We have seen events occurring globally which indicate an acceleration in the pace of climate change. We have entered a new era of very dangerous climate impacts which are already proving catastrophic in many parts of the world. These are pushing the global climate system into uncharted territory.
"Climate breakdown has begun," says United Nations Secretary-General Antonio Gutteres in an article under the headline, "Sydney's running out of water, and we haven't been paying attention" (The Sydney Morning Herald 4.9.23 p.12).
We, in the MidCoast Council area, have been experiencing some of these changes already. There has been a shift towards drier conditions across the southwest and southeast of Australia, with more years recording below-average rainfall. For example, there has been a decline in about 15 per cent of rainfall since 1970 for the region. Meanwhile, it's getting hotter, which means rain evaporates quickly rather than flowing into the catchment ('Spring heat records shattered as Australia warms towards a long hot summer' in The Sydney Morning Herald 18.9.23 online). Pockets of NSW are showing signs of drought, including areas adjacent to us.
The editor of the MRT has wisely suggested that "History has taught us to plan to survive." (from the Editor's Desk 9.9.2023). To their credit MCC adopted the 'Our Water, Our Future' strategy at the August council meeting.
We believe that the strategy does not go far enough quickly enough, as much of it is based on records and modelling that is not reflective of the significant climate changes we are experiencing and will experience in the next few years.
Providing water and sewerage services like all areas of council's operation is an expensive business. As you'd expect councils are reluctant to do something different or new because it is expensive and who is pushing them to anyway. With climate change and uncertainty of security our council must do better sooner than later.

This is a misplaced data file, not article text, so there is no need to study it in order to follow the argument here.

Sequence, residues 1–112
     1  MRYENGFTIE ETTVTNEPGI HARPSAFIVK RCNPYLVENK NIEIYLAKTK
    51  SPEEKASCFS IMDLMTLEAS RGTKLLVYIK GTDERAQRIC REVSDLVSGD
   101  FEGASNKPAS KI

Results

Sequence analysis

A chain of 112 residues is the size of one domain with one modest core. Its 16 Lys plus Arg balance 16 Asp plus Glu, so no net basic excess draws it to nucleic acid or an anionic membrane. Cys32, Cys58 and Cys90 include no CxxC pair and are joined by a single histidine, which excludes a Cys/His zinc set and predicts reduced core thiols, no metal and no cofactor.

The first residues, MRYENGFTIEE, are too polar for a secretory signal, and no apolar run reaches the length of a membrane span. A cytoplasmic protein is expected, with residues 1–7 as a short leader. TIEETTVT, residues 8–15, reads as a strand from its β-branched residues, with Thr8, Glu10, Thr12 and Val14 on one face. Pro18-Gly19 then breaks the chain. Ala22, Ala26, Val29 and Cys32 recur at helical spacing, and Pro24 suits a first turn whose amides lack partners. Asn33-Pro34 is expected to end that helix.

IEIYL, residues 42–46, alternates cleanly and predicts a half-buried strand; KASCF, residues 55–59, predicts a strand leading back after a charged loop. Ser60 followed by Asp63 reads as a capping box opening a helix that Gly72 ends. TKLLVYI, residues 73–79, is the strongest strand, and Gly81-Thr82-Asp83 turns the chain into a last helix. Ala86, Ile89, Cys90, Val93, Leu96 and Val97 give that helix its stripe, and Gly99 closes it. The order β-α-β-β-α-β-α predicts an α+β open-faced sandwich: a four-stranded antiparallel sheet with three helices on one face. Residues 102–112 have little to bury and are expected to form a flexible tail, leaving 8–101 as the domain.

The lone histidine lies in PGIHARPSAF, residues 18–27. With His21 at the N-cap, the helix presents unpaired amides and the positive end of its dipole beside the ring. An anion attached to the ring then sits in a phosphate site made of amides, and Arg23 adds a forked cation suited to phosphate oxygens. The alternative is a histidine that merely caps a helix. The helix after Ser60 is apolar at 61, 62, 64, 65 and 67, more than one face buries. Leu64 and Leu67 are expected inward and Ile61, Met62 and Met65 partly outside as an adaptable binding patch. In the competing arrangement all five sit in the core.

If it is an emergency or crisis we cannot wait 27 years to seriously consider the recycling and reuse of the water in our stormwater and sewerage systems. Work needs to begin now.- Chris and Heather Abbott
As we are dealing with a scarce resource, one major option is turning stormwater and sewage into clean water. Many cities do this already, including Perth WA and Singapore. By 2060, the latter anticipates that 85 per cent of its water demand will be met by sewage water. California is exploring plans to do the same. What is MCC doing in regard to this option? According to 'Our Water, Our Future' MCC will be waiting till 2050 to begin to do something in this regard. It may well be too late by then.
The current NSW Minister for Water, Rose Jackson, recognises the circumstances MCC finds itself in and has said, "We know our regional communities always bear the brunt of devastating droughts and it is crucial they are given the resources and infrastructure to improve water security at the local level to ensure they can survive dry times." So, surely building a new dam or three, increasing the extraction of water from the Nabiac bore fields and doing more with water recycling and reuse needs to be presented to national and state governments and claim our share of the funds to provide those resources and infrastructure. We are told we are in a climate crisis or emergency. Such a crisis or emergency demands we need to act now not later to address the causes.
Whilst MCC has adopted the 'Our Water, Our Future 2050' strategy it is far from the answer councillors and council officers say it is. Some speak of water as an infinite resource. Yet we know that fresh water is an extremely limited resource on our planet, in this country and in the MCC area. Some are already telling us to cut usage now. Both these points are contrasted in the items presented by the MRT on the same publication date last week (15.9.23).
If it is an emergency or crisis we cannot wait 27 years to seriously consider the recycling and reuse of the water in our stormwater and sewerage systems. Work needs to begin now on this to help secure a future water supply along with the dams and Nabiac aquifer. Otherwise it will be too late.
Chris and Heather Abbott